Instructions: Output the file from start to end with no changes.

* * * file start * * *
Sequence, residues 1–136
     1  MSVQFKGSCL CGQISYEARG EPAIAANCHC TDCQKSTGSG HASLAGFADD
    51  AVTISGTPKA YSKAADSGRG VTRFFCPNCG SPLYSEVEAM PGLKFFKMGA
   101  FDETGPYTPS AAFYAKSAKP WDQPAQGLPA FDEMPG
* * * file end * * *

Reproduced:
Sequence, residues 1–136
     1  MSVQFKGSCL CGQISYEARG EPAIAANCHC TDCQKSTGSG HASLAGFADD
    51  AVTISGTPKA YSKAADSGRG VTRFFCPNCG SPLYSEVEAM PGLKFFKMGA
   101  FDETGPYTPS AAFYAKSAKP WDQPAQGLPA FDEMPG